A short sale may be an alternative to foreclosure if you're underwater on your mortgage and looking to extricate yourself from the situation. You find a buyer for your house, usually at a bargain price. If the lender accepts the offer, it gets some of its money back and you walk away free and clear. However, the lender may not accept the offer, or may sue you for any remaining debt. Even if the sale goes through, it may not be much better for your credit than a foreclosure.
A short sale can make life easier for your lender than foreclosure. Foreclosures often drag on for more than a year, during which the house is just dead weight on the lender's balance sheet. A successful short sale wraps things up quicker. In the credit-reporting systems underwriters use, however, the same numerical code refers to both foreclosures and short sales. If an underwriter sees the code in your file after the short sale, he can't tell you weren't foreclosed on.
The federal government's Fannie Mae and Freddie Mac corporations both invest in the mortgage market to keep it healthy. Both corporations, as well as the Federal Housing Administration, treat you differently if you have a short sale on your record than if you have a foreclosure. Foreclosures are a red flag on your next mortgage application, but short sales are not. When the bank underwriter records a short sale as a foreclosure, that can disqualify you for a mortgage you'd otherwise be able to get.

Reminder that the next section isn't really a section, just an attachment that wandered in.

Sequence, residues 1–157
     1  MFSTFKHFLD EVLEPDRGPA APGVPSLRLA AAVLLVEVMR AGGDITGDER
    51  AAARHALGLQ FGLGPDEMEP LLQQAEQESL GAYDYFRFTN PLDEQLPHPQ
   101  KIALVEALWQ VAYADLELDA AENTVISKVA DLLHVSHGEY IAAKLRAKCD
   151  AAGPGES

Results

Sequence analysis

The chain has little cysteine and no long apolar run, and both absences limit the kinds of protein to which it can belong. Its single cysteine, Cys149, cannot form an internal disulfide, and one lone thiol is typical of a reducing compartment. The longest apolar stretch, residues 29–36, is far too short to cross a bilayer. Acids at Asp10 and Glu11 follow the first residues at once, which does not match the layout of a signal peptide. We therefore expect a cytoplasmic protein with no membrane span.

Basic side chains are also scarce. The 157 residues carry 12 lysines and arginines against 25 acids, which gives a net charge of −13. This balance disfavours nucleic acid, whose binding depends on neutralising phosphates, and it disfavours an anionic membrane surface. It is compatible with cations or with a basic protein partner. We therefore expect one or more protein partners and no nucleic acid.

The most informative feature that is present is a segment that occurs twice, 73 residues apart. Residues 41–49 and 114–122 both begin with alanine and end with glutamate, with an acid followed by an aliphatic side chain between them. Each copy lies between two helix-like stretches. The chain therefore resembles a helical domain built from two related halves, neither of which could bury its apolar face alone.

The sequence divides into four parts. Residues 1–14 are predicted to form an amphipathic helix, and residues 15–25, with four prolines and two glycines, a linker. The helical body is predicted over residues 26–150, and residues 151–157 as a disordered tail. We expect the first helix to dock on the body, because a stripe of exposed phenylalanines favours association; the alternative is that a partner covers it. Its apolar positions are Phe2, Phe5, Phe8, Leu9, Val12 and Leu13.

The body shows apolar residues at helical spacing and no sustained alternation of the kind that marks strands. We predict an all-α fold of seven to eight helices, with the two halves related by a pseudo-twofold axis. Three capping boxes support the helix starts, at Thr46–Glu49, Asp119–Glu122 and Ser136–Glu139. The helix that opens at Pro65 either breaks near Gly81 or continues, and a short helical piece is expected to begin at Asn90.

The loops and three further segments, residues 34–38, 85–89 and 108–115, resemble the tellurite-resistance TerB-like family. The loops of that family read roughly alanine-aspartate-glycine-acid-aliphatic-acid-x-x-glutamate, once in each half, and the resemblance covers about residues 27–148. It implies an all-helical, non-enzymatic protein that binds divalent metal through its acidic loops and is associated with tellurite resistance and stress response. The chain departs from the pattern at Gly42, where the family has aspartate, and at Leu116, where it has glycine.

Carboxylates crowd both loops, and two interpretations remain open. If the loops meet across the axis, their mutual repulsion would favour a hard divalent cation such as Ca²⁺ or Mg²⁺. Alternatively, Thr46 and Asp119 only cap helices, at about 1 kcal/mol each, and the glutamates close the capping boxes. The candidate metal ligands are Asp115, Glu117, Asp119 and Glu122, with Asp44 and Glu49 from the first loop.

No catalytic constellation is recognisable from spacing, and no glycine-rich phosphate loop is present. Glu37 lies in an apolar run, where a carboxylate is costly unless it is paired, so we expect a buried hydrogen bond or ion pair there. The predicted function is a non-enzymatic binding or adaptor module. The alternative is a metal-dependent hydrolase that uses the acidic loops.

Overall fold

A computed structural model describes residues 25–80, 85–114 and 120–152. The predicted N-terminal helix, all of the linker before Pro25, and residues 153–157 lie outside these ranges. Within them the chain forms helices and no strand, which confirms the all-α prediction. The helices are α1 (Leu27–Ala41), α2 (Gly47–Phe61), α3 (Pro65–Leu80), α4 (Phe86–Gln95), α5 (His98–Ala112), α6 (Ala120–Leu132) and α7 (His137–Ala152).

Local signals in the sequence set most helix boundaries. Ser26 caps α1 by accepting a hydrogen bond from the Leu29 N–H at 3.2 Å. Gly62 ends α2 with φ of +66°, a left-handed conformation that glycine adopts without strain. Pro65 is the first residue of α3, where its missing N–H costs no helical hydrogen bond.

Even if your lender comes out better off because of the short sale, it's still listed by the credit bureaus as a debt that you didn't pay off. Your lender reports it as an account you've settled rather than paid and reveals that you still owed money the lender had to write off. This isn't much better for your score than foreclosure.
After seven years, your short sale won't show up at all. The law says credit bureaus have to purge negative items from your history when they're that far back, except for bankruptcy which stays for 10 years. Even before then, you can rebuild your credit score by managing your credit carefully and paying debts promptly. If you want an FHA or Fannie Mae mortgage, however, even a great credit score may not overcome the negative blow of a short sale.